Victoria University is in financial crisis and announced recently it would cut 150 general staff, put 59 programmes up for review, and lay off 110 academics, reducing the teaching and researching workforce by 13 per cent.
English, Art History, Theatre, Teaching, Sign Language, Chemistry, Maths, Marketing, History, Geography, and more risk losing courses and staff.
The announcement comes after a 12 per cent drop in enrolment and a forecast $33 million deficit this year.
The golden geese, which are international students, aren’t coming back in their pre-covid numbers, fewer domestic students are enrolling, and Government funding hasn’t kept up with inflation.
When I started studies there, there were 22,000 students at Victoria. Now there are 16,000, so it’s not hard to see why the financial warning sirens are going off.
But at a certain point, the Government needs to intervene to uphold the country’s research capability and ability to train a skilled workforce.
The government primarily funds universities on the number of enrolled students, so academic staff and subjects could be axed because of a poor-performing couple of years.
University management will narrow the range of subjects taught and researched, and the quality of the university will decline.
Does the Government want to allow this to happen to our universities?
Does it want to allow the administrative bureaucrats and business leaders to sack the scholars doing research and teaching?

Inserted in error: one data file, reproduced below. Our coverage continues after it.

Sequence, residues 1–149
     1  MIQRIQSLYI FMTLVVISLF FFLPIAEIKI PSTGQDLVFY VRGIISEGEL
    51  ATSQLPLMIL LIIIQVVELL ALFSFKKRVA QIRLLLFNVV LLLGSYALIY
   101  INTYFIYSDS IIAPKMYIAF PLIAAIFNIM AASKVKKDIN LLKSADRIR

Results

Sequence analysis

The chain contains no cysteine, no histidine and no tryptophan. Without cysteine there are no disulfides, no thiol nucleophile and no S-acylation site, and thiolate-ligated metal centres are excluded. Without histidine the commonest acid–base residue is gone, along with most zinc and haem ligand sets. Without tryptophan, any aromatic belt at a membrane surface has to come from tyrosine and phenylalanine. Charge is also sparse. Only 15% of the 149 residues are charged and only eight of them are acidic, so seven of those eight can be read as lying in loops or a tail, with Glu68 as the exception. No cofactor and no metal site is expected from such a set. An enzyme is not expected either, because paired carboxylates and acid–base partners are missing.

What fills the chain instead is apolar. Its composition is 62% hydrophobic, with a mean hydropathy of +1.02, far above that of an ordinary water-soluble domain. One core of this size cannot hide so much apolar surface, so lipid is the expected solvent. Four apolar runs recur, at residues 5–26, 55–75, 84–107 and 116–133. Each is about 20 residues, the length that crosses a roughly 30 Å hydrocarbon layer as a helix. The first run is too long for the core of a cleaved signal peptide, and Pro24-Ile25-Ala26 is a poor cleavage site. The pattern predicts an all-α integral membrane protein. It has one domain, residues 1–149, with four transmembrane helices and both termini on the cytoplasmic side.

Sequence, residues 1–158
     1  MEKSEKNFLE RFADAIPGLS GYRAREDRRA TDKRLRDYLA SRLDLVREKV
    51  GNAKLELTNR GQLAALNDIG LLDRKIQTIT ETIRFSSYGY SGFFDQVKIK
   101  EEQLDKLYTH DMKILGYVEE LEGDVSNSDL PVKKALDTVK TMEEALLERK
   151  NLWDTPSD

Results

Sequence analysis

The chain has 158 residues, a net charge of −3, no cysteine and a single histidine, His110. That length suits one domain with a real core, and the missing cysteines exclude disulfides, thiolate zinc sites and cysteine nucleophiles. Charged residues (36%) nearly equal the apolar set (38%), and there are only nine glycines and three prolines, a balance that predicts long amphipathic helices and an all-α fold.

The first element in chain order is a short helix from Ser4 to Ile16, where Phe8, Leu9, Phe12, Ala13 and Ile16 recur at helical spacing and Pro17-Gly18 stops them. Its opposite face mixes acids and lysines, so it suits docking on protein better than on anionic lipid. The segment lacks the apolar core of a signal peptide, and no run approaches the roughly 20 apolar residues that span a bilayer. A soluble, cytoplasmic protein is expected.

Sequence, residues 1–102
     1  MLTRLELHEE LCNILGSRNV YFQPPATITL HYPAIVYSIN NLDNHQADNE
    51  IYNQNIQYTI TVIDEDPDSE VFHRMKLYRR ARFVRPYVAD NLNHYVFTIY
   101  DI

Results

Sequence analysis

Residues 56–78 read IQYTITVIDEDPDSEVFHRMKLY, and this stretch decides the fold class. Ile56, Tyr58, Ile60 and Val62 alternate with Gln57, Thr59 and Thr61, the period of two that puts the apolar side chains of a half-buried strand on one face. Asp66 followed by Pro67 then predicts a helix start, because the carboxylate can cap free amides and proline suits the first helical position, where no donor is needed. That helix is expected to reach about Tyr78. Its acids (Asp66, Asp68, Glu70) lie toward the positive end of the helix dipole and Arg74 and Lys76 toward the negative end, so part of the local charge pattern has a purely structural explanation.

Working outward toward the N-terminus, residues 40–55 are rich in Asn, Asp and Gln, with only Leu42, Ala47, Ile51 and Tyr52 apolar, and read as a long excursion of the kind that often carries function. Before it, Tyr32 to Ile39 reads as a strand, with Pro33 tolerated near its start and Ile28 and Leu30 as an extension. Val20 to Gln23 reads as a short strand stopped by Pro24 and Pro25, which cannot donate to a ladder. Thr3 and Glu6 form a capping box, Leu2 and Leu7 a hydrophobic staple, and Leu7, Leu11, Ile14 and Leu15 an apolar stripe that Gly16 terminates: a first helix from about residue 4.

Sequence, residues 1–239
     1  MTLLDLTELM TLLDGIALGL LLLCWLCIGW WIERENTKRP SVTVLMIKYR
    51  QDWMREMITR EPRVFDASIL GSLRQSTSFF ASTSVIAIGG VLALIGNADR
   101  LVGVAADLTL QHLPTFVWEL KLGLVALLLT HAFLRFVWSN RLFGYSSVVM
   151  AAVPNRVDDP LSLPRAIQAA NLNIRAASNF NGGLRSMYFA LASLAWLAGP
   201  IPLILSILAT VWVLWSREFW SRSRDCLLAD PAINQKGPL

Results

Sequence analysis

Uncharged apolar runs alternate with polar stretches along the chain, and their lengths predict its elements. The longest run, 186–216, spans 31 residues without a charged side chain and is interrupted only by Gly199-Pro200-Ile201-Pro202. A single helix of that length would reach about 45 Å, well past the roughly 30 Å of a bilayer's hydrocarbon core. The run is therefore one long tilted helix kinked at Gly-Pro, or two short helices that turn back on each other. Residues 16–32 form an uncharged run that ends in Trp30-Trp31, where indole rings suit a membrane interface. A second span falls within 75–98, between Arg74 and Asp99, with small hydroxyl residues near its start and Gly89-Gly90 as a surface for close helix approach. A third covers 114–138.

The university management and the Government’s underfunding decisions indicate that they don’t value research and critical thinking in and of themselves; they only care about them when they pay the bills.
But our culture’s richness is so much more than financial – every single subject taught at Victoria contributes knowledge and expertise, which contributes so much to so many cultural and economic fields.
New Zealand should aspire to be a country which runs top-class universities with top-class academic offerings.
At the point where management is ready to gut its academic services because of insufficient funds, it looks like the funding model is at fault.
The “user pays” model in place since the 1990s, where subjects are funded based on the number of students, redirects resources away from core academic services.
Universities spend lots of money on marketing and advertising because they’re competing with the workforce and other universities for potential students – so student numbers have increased a lot.
There is more pressure to pass students to keep them enrolled in future years, which means lots of resources are spent on student support services, and workloads have gotten easier in the earlier years.
The lecturers, who, in my experience, are a clever group of inspiring, competent academic veterans, could lose their jobs if they don’t engage in these kinds of market-driven behaviours to win over students.
And now, after a couple of years of bad economic conditions and a pandemic, the lecturers are facing the axe anyway,
If it was they that governed the university [like they used to], I feel it would be a more vibrant and radical place with more engaged [but probably fewer] students.
Hopefully, the Government can muster up some foresight and funding to stop Victoria’s market-driven management from cutting the legs off its rich 120-year-old community of learning.